6 points, SCA Band 1, 0.125 EFTSL
Undergraduate - Unit
Refer to the specific census and withdrawal dates for the semester(s) in which this unit is offered.
- Second semester 2018 (On-campus)
Using anthropological and ethnographic studies, this unit focuses on the social and cultural contexts of legal and illegal drug use. In doing so it highlights the unique approaches and contribution of anthropology as a discipline to understanding behaviour. We will examine various approaches in anthropology to drug use, including the symbolism of drugs, ritual behaviours, economic and political factors influencing the use, production and distribution of drugs and the way in which these processes are enmeshed in local cultures and social networks and the global political economy. The unit will explore how patterns of drug use as well as dispositions towards use differ across cultural and social borders. Topics include: anthropological approaches to drugs as substances of value, power and desire; ethnomedicine and shamanism, bioprospecting and the trade in herbal medicines; international traffic in drugs and its relationship to regional politics and local tribal, peasant and commercial systems of production and exchange; drug tourism; youth culture and drugs in the West; cultures of intravenous drug use; the global political economy of pharmaceuticals, clinical drug trials; antimicrobial resistance, the anthropology of contraceptives, erectile dysfunction drugs; anti-retrovirals in the age of AIDS; Australian and Pacific indigenous drug use; drug trafficking on the internet.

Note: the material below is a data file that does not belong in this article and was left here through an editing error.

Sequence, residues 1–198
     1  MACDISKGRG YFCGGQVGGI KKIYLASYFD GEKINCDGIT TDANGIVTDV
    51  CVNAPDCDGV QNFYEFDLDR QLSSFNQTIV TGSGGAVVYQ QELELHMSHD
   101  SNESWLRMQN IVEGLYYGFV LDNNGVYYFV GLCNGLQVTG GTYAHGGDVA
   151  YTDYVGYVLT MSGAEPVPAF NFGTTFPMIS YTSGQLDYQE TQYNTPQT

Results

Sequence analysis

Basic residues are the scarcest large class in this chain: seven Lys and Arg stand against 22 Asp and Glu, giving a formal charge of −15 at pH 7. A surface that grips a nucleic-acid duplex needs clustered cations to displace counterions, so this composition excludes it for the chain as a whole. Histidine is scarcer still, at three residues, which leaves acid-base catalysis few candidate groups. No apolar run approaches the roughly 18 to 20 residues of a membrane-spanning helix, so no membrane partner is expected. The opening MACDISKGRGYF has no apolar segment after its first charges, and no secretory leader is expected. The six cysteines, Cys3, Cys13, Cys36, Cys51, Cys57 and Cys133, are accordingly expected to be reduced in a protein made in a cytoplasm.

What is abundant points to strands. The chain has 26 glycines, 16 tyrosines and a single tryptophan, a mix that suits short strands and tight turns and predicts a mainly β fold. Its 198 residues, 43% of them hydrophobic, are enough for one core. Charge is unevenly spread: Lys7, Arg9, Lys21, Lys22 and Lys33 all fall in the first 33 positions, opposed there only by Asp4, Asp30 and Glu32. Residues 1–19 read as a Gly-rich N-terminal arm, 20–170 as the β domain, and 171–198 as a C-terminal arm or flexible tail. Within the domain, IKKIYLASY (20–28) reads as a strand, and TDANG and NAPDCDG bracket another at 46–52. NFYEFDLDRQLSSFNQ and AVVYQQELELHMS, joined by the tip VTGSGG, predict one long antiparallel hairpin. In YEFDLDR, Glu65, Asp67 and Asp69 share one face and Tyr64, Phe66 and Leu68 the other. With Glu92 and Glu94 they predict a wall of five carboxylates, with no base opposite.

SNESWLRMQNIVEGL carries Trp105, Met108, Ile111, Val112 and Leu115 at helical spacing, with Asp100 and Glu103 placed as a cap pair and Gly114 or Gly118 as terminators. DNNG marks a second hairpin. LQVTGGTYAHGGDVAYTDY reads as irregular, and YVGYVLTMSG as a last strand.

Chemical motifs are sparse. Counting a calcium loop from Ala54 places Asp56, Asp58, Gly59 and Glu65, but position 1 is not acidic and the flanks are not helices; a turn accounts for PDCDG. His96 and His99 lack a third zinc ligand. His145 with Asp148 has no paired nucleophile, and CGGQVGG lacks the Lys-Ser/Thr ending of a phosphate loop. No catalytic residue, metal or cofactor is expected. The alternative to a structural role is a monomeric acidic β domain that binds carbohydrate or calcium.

Upon successful completion of the unit, students will be able to:
- recognise how different anthropological concepts and methods provide insight into a common social issue;
- apply concepts and theories to analyse the broader social and cultural context of drug use across cultures;
- approach and analyse the international issue of drugs through the eyes and interests of specific communities and actors, and not just through the singular lens of universalism;
- explain the significance of culture and difference in the development of solutions to challenges affecting individuals, collectives and environments;
- read, think and write reflectively and critically about basic anthropological concepts and issues;
- use prescribed academic research skills to locate, analyse and communicate information.
Within semester assessment: 100%
Minimum total expected workload to achieve the learning outcomes for this unit is 144 hours per semester typically comprising a mixture of scheduled learning activities and independent study. A unit requires on average three/four hours of scheduled activities per week. Scheduled activities may include a combination of teacher directed learning, peer directed learning and online engagement.
See also Unit timetable information